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Self-Build Insurance

Self-Build Insurance

WHAT IS SELF-BUILD INSURANCE?

Building or extending a home by the ‘Direct Labour’ or the ‘Project Management’ method makes you ultimately responsible for the site. You are now the “Employer”. As a self-builder, you invest a lot of money into your build project and you need to make sure that your investment is safe from Start to Finish. Self-build insurance was developed to provide protection to individuals building their own homes using the ‘Direct Labour’ and ‘Project Management’ method.

Good Self-Build Insurance should cover you for the following:

  • Construction Works, Material, Plant, Tools, Equipment
  • Caravans, Site Huts and Contents
  • Public & Employers Liability

Cover we can typically provide include

  • New Build Projects
  • Cover for projects already started
  • Public Liability with a limit of indemnity up to €6,500,000
  • Employers Liability with a limit of indemnity of €13,000,000
  • Contract Works All Risks covers
  • Plant Cover
  • Policies up to 24 month duration
  • Short terms policies
  • Reduced cover e.g fire only, Public Liability etc

TYPES OF COVER EXPLAINED

All Risks on the home under construction
This provides property cover for the house on an all risk basis i.e. events such as fire, lightening, storm, explosion, flood, accidental damage and theft. If required indemnity letters can be provided for mortgage or financial providers under this section.
Plant, equipment & materials
This provides cover for any items you may need to hire in during the course of the self-build e.g. generators, cement mixers etc. It also provides cover for materials brought to site for use in the build. Cover is on an all risks basis as detailed above. It is important to note that Insurers will not be prepared to cover items left unsecured and a reasonable amount of security protection will be required. A basic requirement would be forcible entry/exit from a locked container or similar structure.
Employers Liability This provides cover for injury to any person who is working on the site, whether they have their own insurance or not. In legal terms, an Employee can be defined as someone ‘under your direction or control’, so this can include any person working on the project, regardless of their individual status. As mentioned above, the legal definition of an employee is not dependant on someone directly engaged on a PAYE basis. The cover provided by this section should be at a level of at least €13,000,000 per incident to cover awards for compensation as well as associated legal costs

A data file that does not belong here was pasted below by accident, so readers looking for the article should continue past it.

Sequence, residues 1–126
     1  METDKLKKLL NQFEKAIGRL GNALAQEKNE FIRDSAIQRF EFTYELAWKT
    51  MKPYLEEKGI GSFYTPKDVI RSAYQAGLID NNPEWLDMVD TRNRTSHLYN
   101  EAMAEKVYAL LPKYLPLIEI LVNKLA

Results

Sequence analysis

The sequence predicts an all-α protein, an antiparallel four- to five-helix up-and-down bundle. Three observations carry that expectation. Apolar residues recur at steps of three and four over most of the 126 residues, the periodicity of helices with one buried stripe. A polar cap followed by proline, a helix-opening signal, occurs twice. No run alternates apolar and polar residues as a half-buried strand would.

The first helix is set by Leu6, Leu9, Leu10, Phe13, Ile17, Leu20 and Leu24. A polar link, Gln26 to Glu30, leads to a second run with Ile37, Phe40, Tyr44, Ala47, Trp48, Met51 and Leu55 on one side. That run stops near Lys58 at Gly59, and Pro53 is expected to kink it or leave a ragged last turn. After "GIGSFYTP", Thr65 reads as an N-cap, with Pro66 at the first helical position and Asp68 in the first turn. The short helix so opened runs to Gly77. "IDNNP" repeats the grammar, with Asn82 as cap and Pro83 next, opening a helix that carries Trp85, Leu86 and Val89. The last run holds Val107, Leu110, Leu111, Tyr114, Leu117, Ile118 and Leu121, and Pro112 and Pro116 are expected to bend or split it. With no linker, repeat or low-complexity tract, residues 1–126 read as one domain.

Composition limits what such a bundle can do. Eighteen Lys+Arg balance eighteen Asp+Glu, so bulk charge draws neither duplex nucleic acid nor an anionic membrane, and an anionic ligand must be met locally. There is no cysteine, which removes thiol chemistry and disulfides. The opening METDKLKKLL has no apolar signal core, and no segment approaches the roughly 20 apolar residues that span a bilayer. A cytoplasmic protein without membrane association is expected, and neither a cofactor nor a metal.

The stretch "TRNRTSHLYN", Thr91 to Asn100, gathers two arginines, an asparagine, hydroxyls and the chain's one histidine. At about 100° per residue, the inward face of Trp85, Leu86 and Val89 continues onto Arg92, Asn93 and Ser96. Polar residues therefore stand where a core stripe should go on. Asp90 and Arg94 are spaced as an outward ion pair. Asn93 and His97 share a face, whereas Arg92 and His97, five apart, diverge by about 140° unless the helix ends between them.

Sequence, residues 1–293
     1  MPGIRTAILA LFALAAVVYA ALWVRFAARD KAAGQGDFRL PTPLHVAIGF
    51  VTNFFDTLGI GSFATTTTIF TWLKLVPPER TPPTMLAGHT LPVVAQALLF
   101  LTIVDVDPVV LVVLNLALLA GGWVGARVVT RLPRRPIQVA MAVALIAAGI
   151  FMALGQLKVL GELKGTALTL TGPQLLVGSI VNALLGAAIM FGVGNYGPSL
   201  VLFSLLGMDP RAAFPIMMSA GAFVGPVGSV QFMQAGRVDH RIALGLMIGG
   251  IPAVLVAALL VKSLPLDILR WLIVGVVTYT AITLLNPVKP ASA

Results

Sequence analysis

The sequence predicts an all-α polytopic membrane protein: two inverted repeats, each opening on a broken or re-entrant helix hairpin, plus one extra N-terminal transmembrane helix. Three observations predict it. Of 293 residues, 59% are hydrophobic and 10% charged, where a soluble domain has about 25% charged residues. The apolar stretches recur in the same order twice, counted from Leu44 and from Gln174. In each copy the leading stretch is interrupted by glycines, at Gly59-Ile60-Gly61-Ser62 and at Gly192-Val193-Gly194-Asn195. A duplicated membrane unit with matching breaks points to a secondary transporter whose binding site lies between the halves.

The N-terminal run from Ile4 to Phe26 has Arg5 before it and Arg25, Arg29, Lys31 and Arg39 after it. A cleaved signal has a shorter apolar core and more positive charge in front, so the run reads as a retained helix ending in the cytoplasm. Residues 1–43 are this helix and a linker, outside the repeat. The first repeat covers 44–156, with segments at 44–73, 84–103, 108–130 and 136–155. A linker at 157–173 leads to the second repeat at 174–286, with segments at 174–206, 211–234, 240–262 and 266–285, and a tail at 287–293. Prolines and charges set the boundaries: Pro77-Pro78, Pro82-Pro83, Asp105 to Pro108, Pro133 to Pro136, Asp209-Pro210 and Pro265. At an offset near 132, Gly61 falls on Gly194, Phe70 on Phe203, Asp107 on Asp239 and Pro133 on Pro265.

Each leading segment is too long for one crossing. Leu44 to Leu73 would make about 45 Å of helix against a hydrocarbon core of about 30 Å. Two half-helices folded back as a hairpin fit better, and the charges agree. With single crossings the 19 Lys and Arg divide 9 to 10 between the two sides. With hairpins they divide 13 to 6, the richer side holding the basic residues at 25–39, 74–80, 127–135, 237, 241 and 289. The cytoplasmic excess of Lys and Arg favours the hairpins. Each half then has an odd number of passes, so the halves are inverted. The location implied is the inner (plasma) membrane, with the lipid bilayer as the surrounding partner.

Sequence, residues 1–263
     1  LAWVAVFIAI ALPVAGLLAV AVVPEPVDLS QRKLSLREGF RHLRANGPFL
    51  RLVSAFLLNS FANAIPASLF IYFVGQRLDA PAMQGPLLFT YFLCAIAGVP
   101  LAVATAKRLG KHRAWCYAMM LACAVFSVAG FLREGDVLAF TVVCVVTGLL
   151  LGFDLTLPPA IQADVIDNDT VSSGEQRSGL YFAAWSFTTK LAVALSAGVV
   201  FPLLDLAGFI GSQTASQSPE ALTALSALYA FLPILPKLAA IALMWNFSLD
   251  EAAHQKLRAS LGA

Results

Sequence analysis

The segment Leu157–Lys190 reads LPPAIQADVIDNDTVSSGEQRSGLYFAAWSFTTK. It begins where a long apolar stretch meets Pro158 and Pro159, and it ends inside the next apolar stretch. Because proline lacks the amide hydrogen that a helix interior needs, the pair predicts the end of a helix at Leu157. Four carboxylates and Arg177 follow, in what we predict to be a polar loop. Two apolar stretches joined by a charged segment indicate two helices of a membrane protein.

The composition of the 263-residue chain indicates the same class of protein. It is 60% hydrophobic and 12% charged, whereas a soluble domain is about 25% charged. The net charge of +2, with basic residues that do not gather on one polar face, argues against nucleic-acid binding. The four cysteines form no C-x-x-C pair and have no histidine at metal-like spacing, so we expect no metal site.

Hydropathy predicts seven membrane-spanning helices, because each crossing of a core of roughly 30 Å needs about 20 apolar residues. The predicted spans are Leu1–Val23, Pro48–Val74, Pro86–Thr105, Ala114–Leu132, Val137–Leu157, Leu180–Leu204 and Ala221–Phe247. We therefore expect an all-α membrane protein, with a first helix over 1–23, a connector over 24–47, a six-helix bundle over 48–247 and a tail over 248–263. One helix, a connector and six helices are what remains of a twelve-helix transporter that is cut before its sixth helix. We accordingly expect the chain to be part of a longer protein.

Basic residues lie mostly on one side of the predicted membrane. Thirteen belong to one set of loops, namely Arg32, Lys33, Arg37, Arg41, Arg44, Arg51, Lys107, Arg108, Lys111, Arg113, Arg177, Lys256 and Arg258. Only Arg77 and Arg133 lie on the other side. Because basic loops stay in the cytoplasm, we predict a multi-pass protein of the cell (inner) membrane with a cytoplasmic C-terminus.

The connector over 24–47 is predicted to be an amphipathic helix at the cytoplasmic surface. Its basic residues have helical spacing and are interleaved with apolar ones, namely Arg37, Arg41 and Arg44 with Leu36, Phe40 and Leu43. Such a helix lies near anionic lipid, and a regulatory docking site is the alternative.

Public Liability Public Liability is there to provide cover in the event that there is damage caused to a third party property on the site or if there is someone injured on the site. Such persons include, planning officials, delivery men, friends visiting the site, children accidentally roaming on the site and even people trespassing onto your site with unlawful intentions. Cover should be sought for at least €2,600,000 for any one accident, cover can be provided for up to €6,500,000.

Top Tips when obtaining an Insurance policy

  • Insurance cover levels vary significantly and the cheapest is not necessarily the best as it may exclude some of the most frequent incidents that occur on site. Make sure you are comparing like with like.
  • Check if a policy can be tailored to the period of time you estimate to build your home and get agreement, in advance, on the cost if you need to extend cover. Generally, policies are available for 12, 18 or 24 month periods.
  • Ask for assurances on how quickly a policy can be issued. Mortgage providers will insist on seeing a ‘Letter of Indemnity’ or ‘Notice of Interest’ from your Insurance Company to release funds for your build.
  • Insurance is never a substitute for having strict health & safety practices on site. While it will relieve the financial burden of accidents, it cannot undo the delays, stress and suffering that is caused by an accident on site.
  • Undertaking a self-build does not absolve you from your obligations under Health & Safety legislation and information can be found onwww.hsa.ie. You are as likely to receive a visit from a Health & Safety inspector as any Building Contractor. It is important to note that all scaffolding and temporary gangways have to be erected by a licensed scaffolder in strict accordance with the HSA regulations and codes of practice.
  • Regardless of the period of insurance stated on the policy, they usually contain conditions to the effect that cover will end when you reach practical completion. These are construction policies and not designed to include your domestic belongings when you occupy the house.
  • Arrange a household comprehensive policy in plenty of time before you or your personal contents are due to move in.

Call now on 01 282 9730 to speak with one of our experts or request a callback!